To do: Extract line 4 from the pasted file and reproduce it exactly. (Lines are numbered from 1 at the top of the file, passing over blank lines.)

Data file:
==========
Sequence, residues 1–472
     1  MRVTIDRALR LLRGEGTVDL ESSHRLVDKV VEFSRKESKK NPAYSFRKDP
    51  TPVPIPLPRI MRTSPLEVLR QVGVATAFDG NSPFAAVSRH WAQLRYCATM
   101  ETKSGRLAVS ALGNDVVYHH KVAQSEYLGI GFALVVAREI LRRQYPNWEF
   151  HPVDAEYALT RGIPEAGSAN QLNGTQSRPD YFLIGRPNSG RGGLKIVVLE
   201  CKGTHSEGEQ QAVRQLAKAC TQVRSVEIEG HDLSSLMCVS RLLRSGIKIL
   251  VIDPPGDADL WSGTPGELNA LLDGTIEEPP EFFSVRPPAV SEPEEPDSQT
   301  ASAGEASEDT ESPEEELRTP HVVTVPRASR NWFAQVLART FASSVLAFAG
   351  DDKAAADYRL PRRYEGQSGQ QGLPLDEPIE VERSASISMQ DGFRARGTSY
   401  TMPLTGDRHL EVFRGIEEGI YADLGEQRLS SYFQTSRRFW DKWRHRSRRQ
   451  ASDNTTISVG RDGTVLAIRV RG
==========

   101  ETKSGRLAVS ALGNDVVYHH KVAQSEYLGI GFALVVAREI LRRQYPNWEF